FRançois Ozon brings great low-key confidence and artistry to this very moving film about euthanasia and assisted death. There is a strong sense of nonsense here, which is encapsulated by the one-time gesture of the title itself, left to decide what “smooth” it is in the end. The last shot of a dead person is an extremely difficult moment, unforgettable because of the lack of emotional influence.
The French veteran role actor André Dussollier (André Dussollier) plays André, a wealthy and well-connected retired industrialist (Later in the film, he will ask his daughter if he remembers to bring his Legion Medal of Honor ). In his eighties, Andre suffered a stroke. The energetic, handsome but articulate man we saw in the memory turned into a sad state in the hospital: his face and right eye drooped. His daughter Emmanuelle or Manue often visits him, played by Sophie Marceau (based on the author of the original autobiographical novel Emmanuelle Bernheim). She was obviously his favorite, even though she painfully remembered how cruel he was to her when she was a girl. Compared to his other daughter Pascal (Geraldine Pihas) and his ex-wife (Charlotte Lamplin), he is obviously closer to Manu, who is not due to his health. Jia is completely unmoved by the plight of his ex-husband.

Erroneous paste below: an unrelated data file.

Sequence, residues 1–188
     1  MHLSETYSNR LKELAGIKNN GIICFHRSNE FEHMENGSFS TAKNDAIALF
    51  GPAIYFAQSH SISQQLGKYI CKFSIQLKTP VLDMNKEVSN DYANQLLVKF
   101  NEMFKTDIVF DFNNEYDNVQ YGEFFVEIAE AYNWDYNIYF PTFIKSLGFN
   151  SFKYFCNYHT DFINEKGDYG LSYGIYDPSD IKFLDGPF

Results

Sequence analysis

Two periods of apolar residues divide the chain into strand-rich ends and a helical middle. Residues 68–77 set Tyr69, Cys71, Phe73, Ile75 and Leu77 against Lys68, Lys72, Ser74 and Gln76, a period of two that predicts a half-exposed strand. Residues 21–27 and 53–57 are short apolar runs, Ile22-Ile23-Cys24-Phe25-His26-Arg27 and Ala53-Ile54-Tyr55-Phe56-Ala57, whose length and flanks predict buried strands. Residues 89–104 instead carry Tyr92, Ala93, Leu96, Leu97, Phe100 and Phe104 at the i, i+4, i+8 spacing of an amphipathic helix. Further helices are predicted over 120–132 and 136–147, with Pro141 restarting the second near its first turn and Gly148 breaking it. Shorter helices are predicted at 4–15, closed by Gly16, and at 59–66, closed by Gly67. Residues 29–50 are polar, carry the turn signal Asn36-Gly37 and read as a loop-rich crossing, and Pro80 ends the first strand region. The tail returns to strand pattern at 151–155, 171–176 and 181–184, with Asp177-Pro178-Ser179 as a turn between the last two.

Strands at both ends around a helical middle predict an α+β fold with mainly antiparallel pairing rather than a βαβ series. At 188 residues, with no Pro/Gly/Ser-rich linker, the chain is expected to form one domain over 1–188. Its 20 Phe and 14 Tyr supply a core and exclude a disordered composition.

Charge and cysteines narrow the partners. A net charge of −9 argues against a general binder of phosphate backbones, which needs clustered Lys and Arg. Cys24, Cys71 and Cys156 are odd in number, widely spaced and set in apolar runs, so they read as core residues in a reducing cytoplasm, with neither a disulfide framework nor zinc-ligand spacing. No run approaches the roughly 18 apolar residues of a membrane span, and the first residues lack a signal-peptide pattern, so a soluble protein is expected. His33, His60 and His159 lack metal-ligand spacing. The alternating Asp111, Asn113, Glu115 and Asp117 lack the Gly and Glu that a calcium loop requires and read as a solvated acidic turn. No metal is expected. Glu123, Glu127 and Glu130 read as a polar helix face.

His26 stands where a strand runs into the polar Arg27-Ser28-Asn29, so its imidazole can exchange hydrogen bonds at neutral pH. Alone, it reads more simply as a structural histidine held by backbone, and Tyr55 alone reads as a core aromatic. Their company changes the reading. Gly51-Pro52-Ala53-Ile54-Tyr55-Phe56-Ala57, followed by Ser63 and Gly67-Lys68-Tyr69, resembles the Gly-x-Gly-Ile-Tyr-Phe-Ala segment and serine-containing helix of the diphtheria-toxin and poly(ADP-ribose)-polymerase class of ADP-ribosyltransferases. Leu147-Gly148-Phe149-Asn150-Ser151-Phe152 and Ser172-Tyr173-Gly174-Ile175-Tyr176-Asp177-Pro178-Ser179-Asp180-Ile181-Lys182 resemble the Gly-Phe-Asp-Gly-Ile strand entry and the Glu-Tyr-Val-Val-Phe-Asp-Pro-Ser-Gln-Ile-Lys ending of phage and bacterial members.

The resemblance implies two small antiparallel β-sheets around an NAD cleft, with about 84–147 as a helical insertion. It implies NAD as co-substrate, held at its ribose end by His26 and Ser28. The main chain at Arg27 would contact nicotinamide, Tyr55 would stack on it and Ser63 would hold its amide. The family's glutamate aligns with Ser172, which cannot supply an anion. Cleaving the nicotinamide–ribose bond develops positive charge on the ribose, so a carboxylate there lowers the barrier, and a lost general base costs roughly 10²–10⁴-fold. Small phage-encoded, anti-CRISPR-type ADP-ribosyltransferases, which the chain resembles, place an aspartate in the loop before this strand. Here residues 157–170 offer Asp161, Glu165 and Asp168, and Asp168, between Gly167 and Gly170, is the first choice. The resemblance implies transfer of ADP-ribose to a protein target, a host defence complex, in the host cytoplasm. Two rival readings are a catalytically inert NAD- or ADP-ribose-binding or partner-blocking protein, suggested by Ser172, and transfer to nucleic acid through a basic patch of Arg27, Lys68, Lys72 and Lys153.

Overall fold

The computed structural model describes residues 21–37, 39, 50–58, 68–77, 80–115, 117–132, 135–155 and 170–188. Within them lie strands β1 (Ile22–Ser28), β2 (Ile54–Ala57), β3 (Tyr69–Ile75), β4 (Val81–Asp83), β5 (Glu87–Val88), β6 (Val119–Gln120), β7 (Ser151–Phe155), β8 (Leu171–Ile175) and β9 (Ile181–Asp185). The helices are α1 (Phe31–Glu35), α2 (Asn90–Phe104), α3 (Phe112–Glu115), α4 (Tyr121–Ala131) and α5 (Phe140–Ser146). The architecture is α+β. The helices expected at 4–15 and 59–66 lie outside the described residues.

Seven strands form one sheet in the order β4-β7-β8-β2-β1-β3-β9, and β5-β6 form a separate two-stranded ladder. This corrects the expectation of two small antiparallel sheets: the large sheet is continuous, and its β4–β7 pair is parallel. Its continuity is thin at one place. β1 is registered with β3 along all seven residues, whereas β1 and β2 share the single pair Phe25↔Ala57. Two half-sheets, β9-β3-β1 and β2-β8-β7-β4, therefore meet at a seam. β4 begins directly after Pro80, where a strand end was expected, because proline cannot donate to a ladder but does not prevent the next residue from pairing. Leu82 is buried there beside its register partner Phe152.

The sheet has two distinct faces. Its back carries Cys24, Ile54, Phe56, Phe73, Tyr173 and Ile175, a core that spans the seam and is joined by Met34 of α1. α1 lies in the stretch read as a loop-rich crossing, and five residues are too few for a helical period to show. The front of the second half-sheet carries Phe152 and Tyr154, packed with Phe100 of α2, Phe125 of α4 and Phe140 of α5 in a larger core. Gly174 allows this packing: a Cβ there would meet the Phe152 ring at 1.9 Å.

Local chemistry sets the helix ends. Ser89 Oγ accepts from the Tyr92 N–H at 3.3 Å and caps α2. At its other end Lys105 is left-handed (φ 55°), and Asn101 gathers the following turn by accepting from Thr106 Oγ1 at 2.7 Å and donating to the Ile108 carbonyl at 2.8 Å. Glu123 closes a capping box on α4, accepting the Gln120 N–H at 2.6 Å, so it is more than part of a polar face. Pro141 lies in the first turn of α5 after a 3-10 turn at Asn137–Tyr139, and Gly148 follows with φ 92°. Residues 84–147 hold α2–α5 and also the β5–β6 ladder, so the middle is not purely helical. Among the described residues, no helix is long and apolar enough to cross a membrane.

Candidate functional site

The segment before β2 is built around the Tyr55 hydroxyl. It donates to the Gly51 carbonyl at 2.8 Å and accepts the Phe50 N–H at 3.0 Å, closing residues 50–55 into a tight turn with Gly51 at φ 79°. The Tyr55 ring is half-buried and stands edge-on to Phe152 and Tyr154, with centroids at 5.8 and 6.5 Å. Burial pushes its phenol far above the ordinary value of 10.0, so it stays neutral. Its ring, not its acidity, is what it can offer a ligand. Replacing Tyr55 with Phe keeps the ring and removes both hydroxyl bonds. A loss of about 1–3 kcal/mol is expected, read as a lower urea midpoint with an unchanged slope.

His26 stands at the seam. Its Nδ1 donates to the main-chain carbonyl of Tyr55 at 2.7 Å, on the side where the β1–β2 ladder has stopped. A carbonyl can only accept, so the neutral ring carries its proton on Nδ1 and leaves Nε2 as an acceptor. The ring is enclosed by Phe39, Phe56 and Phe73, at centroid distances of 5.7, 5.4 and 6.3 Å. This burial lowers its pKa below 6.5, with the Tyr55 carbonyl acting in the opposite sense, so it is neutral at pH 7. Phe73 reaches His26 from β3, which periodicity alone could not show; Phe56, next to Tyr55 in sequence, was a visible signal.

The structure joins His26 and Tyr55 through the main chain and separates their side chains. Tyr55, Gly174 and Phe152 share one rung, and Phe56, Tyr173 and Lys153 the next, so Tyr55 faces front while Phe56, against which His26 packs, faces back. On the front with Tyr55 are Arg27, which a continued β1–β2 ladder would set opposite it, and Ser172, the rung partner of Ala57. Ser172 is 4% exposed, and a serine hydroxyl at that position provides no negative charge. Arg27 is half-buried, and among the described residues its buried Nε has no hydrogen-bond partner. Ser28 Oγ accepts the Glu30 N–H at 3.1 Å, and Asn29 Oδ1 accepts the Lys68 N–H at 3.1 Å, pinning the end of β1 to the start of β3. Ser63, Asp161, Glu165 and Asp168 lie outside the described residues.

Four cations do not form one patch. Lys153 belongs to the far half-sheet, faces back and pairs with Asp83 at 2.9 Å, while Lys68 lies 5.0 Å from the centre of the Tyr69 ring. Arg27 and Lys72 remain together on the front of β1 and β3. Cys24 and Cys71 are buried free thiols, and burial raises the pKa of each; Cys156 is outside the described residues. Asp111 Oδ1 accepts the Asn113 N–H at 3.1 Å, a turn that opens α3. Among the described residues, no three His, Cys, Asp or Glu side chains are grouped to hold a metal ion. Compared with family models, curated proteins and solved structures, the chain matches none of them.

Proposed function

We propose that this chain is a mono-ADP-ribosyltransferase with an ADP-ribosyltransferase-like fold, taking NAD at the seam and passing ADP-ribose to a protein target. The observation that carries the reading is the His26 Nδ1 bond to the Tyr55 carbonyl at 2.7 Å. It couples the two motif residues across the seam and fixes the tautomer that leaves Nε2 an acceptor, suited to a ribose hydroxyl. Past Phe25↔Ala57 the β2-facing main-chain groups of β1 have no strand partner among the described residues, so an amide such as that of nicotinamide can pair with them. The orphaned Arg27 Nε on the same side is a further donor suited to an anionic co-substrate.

As for Manue, she had fantasized about killing her annoying old father when she was a girl. So ironically, he made his final, arbitrary request to her: she must organize his euthanasia. This means that she must liaise with relevant Swiss organizations and establish semi-secret arrangements with lawyers to prevent them from being sent to prison.
As the weeks and months passed, Andre seemed to be getting better and better and more interested in life, and Manu hoped that he could completely forget the death-assisting business. However, this movie shows us that Andre’s morale is improving because he believes that death is imminent. But for Manue, there may not be any release-and by unwittingly fulfilling the terrible wish of her childhood, his cruelty now has new wisdom. This situation exposes us to André’s angry and injured former partner Gerard (Gregory Gadebois) and the down-to-earth Swiss woman who has to perform this process, played by Hannah Sgula .
To Andre’s frustration, the whole thing cost 10,000 Euros. “What about the poor?” He asked, and Manue replied grimly: “They are waiting to die.” Is this whole last scene in the last scene of Andrei’s life just another example of his wealthy power and arrogance. After all, this movie shows us that he did not endure unbearable pain and his quality of life did not deteriorate catastrophically. He has had enough; and has no intention of discussing, debating, or emotionally compelling us to agree.
And on its own, this movie has exactly the same attitude. Another type of drama puts issue-led disputes at the center of things. Not this movie. It was the turning point of the family drama, Du Solier and Marceau’s performance quietly outstanding.